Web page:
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12 Dec 2019


SSI expresses appreciation for volunteers’ and collaborators’ profound contribution to communities

SSI Community Appreciation Awards recipients (from top, clockwise): Colyton Collective, Shyamla Eswaran with SSI CEO Violet Roumeliotis, and Shazia Mia-Duman with Shyamla Eswaran

The awards, announced by SSI CEO Violet Roumeliotis at the conclusion of SSI’s Annual General Meeting on November 28, recognise people whose actions have made a profound and sustained positive impact on the lives of the communities SSI works with.

Each year, SSI draws on the contributions of hundreds of volunteers to deliver services to vulnerable communities. During 2018-19, more than 250 active volunteers contributed approximately $3.4 million in time to the communities SSI supports.

“That sounds like a lot,” said Ms Roumeliotis, “but actually the social impact volunteers and supporters have on SSI clients and their value working with our programs is priceless. We are extremely grateful for their ongoing contributions to the community.”

Present to receive their awards were New Beginnings Festival Ambassador Shyamla Eswaran, Welcome2Sydney Ambassador Shazia Mia-Duman, and Community Hub volunteers at Colyton Public School.

Ms Eswaran specialises in cultural dance and has toured her workshops and solo shows to regional and remote areas around Australia since 2013, often making news along the way for speaking out against racism and cultural assimilation, and emphasising the need for a more open dialogue and nuanced understanding of race and culture within Australia.

She performed at this year’s New Beginnings Festival with the amazing Bindi Bosses, an urban Indian performance company that provides a platform for South Asian artists to collaborate and share stories of mixed cultural upbringing and heritage through fusion dance.

“The Colyton Collective” is a group of Community Hub volunteers at Colyton Public School. The women dedicate their time, energy and warm, loving open arms to people who enter the Community Hub.

With the skilled leadership and guidance from their Hub leader, Lisa Gobo, they have created a welcoming and inclusive environment for all.

Their extraordinary culinary skills ensure that there is always a feast of international fare prepared with love for community members to enjoy. As a collective, they have created a special environment that exemplifies the welcome that Australia has to offer.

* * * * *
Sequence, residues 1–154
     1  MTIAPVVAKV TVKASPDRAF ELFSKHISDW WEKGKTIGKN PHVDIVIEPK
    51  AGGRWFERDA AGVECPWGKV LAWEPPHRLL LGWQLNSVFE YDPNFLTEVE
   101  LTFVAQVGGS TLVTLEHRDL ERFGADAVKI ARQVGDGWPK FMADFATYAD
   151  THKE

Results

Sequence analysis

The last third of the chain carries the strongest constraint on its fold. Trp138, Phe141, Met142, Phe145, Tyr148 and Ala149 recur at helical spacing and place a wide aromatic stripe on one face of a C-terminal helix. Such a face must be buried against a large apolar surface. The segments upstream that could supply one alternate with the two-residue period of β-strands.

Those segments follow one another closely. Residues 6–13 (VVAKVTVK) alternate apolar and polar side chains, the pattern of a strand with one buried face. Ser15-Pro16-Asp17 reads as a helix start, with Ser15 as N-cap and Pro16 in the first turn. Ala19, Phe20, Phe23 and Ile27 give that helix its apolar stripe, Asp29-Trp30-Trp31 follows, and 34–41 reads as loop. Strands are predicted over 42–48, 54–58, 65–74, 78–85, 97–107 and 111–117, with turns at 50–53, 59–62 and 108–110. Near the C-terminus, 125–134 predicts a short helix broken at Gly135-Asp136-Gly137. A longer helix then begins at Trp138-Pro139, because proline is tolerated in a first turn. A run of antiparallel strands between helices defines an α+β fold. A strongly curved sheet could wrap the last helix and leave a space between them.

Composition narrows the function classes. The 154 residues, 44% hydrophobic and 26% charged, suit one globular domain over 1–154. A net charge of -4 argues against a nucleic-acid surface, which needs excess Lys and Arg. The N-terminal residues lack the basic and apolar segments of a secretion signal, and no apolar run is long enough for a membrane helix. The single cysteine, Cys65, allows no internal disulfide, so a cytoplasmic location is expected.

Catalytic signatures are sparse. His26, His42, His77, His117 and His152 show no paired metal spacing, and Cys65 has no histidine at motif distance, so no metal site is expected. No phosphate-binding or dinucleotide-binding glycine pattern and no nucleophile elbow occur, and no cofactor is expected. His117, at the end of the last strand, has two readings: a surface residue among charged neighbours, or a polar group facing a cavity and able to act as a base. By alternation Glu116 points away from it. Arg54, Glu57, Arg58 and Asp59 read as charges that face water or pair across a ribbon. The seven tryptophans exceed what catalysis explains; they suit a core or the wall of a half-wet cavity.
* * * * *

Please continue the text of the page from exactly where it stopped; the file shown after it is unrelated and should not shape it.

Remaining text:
Welcome to Sydney aims to encourage newcomers to explore and develop a sense of belonging. Hosted by volunteer Ambassadors, welcome activities include social, cultural and recreational activities that match individual interests. Shazia Mia-Duman joined the Welcome2Sydney team of Ambassadors in May 2019.

In general, Ambassadors are only required to commit once a month for an activity. Ms Mia-Duman has at times committed three to four times a month to Welcome2Sydney on top of regular text messages and coffee with participants. She also attended other SSI events such as the City to Surf, where she carried everyone’s bags and kept them safe.

Ms Mia-Duman used her personal connections to promote SSI’s strategic goals, connecting SSI’s fundraising team with her employer (one of the 10 major donors in Australia) and connecting SSI’s RESP team with employment opportunities for refugees and asylum seekers. She also helped to secure gratuity tickets and the support of the Western Sydney Giants (AFL) for Welcome2Sydney.

Two award recipients, former Fairfield Police Superintendent Peter Lennon and Armidale Sanctuary, were unable to attend the presentation.

Armidale Sanctuary Humanitarian Settlement, formed in 2003, is a not-for-profit organisation staffed entirely by volunteers. It aims to assist individuals and families who are seeking or have obtained resettlement on humanitarian grounds.

Since SSI established services in Armidale, Armidale Sanctuary has been one of the most valued local community partners, and has collaborated in many areas, including: informal support for newly arrived families in the home and community, assisting with airport arrivals, the coordination of a Bike Safety Day, coordinating a bike drive among the Ezidi community, financially supporting three Ezidi children to attend Armidale Community Preschool, excursions to Uralla, Armidale Pine Forest and a local farm, organising a Jillian Triggs visit and lecture in Armidale, and the introduction of a home reading program.

Superintendent Lennon established a community engagement initiative, Coffee With A Cop, as a strategy to build rapport between uniformed officers and members of the local Fairfield community. The initiative has been tremendously successful and adopted across most parts of NSW.

He also led broader strategies for NSW Police on how NSW Police can better engage members of culturally and linguistically diverse communities, being both an asset and advocate for newcomers. He retired this year after 40 years of esteemed service.

Superintendent Lennon sent his apologies and expressed his appreciation for SSI and the work it did in the community and its ongoing work with NSW Police to ensure communities were safe.

This was essential cooperation, he said.

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